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Hassaan Waqar

A **correlation matrix** is used to show the degree of the linear relationship between variables in a dataset. It indicates the correlation using the correlation coefficient.

The **correlation coefficient** shows how strongly or weakly any two variables are related. Scores range between 1 and -1. 1 indicates *a perfect positive correlation*, whereas -1 indicates *a perfect negative correlation*. Scores closer to 0 indicate a weak correlation.

**Correlation** refers to a degree of relationship between variables. It can be *causal* or *non-causal*. We say that there is a positive correlation when an increase in variable $x$ causes an increase in variable $y$. We say that there is a negative correlation when an increase in variable $x$ causes a decrease in variable $y$.

The illustration below shows positive and negative correlations:

The table below summarizes correlation coefficients:

Coefficient | Meaning |
---|---|

1 | Perfect positive correlation. A unit increase in variable $x$ means a unit increase in variable $y$. |

-1 | Perfect negative correlation. A unit increase in variable $x$ means a unit decrease in variable $y$. |

0 | No correlation. Variables are not related. |

A correlation matrix displays the correlation between all numerical variables present in the dataset. If a dataset has $n$ numerical features, a correlation matrix may have $n^2$ values that are symmetric about the center. Therefore, it is sufficient to analyze only the top or bottom half of the matrix.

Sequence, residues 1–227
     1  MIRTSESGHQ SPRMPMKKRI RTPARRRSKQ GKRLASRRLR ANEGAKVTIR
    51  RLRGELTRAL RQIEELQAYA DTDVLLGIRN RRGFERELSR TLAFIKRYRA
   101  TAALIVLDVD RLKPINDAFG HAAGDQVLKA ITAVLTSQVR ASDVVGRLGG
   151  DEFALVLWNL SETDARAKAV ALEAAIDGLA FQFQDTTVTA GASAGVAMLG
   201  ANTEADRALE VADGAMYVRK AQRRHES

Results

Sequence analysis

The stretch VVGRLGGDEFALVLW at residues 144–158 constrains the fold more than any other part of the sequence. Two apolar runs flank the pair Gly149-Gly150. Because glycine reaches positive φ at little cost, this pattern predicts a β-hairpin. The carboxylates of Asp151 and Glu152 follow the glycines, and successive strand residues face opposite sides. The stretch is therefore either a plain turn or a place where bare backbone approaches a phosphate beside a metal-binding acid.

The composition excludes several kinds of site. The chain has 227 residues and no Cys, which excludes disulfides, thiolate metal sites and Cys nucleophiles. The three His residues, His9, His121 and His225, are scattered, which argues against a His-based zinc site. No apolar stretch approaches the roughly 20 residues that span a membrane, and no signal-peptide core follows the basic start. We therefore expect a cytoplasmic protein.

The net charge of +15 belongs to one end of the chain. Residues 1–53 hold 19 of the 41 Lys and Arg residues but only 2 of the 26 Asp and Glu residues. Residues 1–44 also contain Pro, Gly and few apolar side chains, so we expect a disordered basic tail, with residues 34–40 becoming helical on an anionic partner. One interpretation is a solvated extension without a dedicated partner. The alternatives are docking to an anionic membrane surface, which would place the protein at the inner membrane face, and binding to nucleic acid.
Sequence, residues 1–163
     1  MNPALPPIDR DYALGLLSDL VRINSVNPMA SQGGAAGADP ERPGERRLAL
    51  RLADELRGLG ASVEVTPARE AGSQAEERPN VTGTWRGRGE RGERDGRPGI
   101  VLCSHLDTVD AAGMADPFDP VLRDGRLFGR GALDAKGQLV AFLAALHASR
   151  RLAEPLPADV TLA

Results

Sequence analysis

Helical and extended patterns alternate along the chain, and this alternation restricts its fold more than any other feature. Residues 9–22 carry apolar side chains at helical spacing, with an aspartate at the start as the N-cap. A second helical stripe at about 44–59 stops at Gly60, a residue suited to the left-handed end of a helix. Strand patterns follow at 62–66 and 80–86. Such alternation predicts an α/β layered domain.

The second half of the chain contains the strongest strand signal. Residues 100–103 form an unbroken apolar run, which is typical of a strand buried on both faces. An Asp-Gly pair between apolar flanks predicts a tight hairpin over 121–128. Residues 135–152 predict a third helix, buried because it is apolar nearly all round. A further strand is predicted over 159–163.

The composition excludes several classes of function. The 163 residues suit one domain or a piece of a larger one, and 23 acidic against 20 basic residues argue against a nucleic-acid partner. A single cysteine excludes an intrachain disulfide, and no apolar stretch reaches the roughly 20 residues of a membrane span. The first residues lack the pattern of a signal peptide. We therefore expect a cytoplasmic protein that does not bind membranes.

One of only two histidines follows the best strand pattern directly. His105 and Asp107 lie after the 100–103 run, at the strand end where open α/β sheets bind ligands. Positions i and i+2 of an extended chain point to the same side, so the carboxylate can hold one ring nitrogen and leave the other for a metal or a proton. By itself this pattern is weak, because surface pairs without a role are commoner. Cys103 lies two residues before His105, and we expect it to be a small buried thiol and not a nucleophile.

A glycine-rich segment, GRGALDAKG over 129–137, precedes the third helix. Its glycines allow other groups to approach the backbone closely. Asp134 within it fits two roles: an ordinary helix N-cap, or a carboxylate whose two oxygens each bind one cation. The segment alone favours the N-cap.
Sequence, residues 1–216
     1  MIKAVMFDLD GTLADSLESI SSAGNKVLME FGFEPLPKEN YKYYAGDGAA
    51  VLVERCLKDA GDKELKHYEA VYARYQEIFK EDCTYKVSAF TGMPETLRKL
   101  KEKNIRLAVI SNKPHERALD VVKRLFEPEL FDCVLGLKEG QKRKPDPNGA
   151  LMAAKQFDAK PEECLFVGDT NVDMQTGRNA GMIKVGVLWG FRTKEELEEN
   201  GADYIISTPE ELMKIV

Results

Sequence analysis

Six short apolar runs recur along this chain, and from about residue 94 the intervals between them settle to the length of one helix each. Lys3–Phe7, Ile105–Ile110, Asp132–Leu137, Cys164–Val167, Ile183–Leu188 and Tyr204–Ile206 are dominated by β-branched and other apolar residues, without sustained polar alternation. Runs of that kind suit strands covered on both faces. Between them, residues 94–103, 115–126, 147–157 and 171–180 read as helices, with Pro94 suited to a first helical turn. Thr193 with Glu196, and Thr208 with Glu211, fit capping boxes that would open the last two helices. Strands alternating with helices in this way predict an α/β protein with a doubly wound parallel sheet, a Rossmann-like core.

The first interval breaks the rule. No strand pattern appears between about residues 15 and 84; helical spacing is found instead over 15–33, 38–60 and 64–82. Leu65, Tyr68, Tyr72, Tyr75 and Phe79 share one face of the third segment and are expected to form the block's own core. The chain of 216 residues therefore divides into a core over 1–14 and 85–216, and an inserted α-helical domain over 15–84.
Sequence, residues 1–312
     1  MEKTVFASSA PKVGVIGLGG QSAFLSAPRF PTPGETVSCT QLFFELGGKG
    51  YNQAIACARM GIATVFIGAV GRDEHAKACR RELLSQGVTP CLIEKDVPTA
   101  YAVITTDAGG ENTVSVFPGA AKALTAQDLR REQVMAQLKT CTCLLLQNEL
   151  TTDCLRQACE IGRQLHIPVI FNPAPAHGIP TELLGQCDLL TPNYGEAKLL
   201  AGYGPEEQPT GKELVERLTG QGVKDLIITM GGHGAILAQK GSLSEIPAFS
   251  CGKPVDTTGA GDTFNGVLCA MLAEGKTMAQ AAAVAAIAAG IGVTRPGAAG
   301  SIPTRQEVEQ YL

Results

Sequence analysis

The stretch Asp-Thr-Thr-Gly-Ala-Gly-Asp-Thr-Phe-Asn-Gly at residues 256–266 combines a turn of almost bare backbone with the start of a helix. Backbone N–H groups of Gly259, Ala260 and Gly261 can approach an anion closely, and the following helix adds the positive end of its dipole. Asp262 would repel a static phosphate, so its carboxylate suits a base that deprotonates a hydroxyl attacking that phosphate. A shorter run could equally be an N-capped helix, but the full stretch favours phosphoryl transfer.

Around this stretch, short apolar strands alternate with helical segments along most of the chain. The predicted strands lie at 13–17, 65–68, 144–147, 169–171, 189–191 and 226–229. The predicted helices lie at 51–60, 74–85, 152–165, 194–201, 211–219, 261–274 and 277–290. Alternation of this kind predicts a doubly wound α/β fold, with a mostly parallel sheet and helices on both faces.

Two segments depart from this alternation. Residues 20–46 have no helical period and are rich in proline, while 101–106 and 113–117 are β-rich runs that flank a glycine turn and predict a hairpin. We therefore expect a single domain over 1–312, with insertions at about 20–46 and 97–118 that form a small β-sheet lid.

The illustration below shows a visual representation of a correlation matrix:

The diagonal always has a coefficient of 1.00, since it represents a relation between the variable with itself.

A gradient color scheme helps to improve understanding of the coefficient scores.

The code snippet below shows how we can create a correlation matrix in Python:

import pandas as pd # for creating a dataframe import seaborn as sn # for shaping our matrix import matplotlib.pyplot as plt # for creating visualizations # Data for matrix data = {'A': [45,37,42,35,39], 'B': [38,31,26,28,33], 'C': [10,15,17,21,12] } df = pd.DataFrame(data,columns=['A','B','C']) print("Original Matrix") print(df) # original matrix print("\n") corrMatrix = df.corr() # finding correlations print("Correlation Coefficients Matrix") print (corrMatrix) # printing correlations

# Visual Representation of Correlation Matrix sn.heatmap(corrMatrix, annot = True, cmap = 'Blues')

`Line 11`

creates a dataframe. Adataframecan be referred to as amatrix.

`Line 16`

uses the`corr`

function on our dataframe to calculate the correlation coefficients matrix.

The second code snippet is a continuation of the first code snippet.

It creates a visualization of the correlation matrix using Seaborn and Matplotlib. It takes in the correlation coefficients, annotates them, and colors them blue.

RELATED TAGS

correlation matrix

python

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Hassaan Waqar

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